The scales of justice

Arthur G. Pitts playing piano

Arthur G. Pitts ’73

Recently reelected to the New York State Supreme Court, Arthur G. Pitts ’73 balances his work with play while maintaining the ethical principles of a judge. In his time away from the bench of the high court, Pitts finds himself at another bench — playing piano in Long Island restaurants.

His judicial career began in Suffolk County, where he spent seven years as a county court judge trying criminal cases. In 1998, he tried the first death penalty case on Long Island in 30 years, and it quickly became more complicated than he had expected. The defendant was convicted, requiring Pitts to sign a death warrant. However, the state law was soon overturned and the individual was once again brought before Pitts — who ultimately re-sentenced him to life imprisonment without the possibility of parole.

Pitts’s career in criminal cases finished in 2000, but he recounted this case as the most interesting one of his career thus far. His focus as a judge shifted when he was elected to the New York State Supreme Court to rule on civil cases during a 14-year term.

The Colgate political science major always knew that he wanted to go into law. Prior to his time on the court, he was a lawyer for seven years. And, he’s continuing to practice another lifelong passion. Self-described as “the piano player in the corner who sets the mood,” Pitts has a recurring gig at a restaurant in Riverhead, Long Island, on the first Friday of the month.

His piano career began in high school when he taught himself the ways around the ivory keys. At Colgate, he pursued his musical interests in the jazz ensemble and in his student band that performed at fraternity parties.

Upon election to the high court, Pitts was unsure if he would still be able to play his favorite song, “Not Like This” by Jeremy Lubbock, for a fee. So, he consulted the Advisory Committee on Judicial Ethics about getting paid for his night gig. When their opinion was handed down, he knew he had to follow their guidance to maintain his judicial ethics. It was deemed appropriate for him to “occasionally” play.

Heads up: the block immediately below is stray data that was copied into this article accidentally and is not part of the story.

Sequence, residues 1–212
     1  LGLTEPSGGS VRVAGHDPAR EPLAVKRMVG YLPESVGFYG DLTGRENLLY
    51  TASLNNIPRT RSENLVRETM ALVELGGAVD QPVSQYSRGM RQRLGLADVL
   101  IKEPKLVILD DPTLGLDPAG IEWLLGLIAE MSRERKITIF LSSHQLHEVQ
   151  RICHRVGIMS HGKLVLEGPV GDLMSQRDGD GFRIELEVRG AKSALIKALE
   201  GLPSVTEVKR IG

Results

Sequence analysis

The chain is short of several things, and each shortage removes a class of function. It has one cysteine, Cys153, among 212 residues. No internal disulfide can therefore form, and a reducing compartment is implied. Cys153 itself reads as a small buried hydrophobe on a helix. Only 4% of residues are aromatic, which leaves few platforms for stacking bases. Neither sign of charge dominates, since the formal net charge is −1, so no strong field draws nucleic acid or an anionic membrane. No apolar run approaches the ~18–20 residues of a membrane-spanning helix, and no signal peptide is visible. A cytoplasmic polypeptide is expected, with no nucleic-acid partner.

Aside from his performances in Riverhead, Pitts plays at Winterfest, a tourism event sponsored by the Long Island Wine Council featuring local artists at various venues. One of those venues is Bistro 72, where his photograph was captured and featured in a story on, bringing the judge a bit of local fame.

Away from both benches, Pitts is often out on the golf course. During his Colgate days, Pitts had taken golf in gym class, but found it too slow. He joked he would “take the game up after [his] first heart attack.” Fortunately, the heart attack has not happened — but he picked up recreational golf with his fellow justices during a convention. After that weekend, “the bug bit [him]” and he’s been playing ever since.

With his reelection to another 14-year term as a New York State Supreme Court Justice, Pitts intends to also continue playing piano. Some nights he even spots co-workers — or “groupies,” as he calls them — at the restaurant for a delicious meal and melodic tunes.

“It’s fun to have people come in and listen for a while, and then be able to go and talk with them on breaks,” Pitts said. “It’s a real kick. I truly enjoy it.”

He hopes to retire in the south and perform for new audiences, playing two or three nights a week, if only to “make money for greens fees.”

— Lauren Casella ’16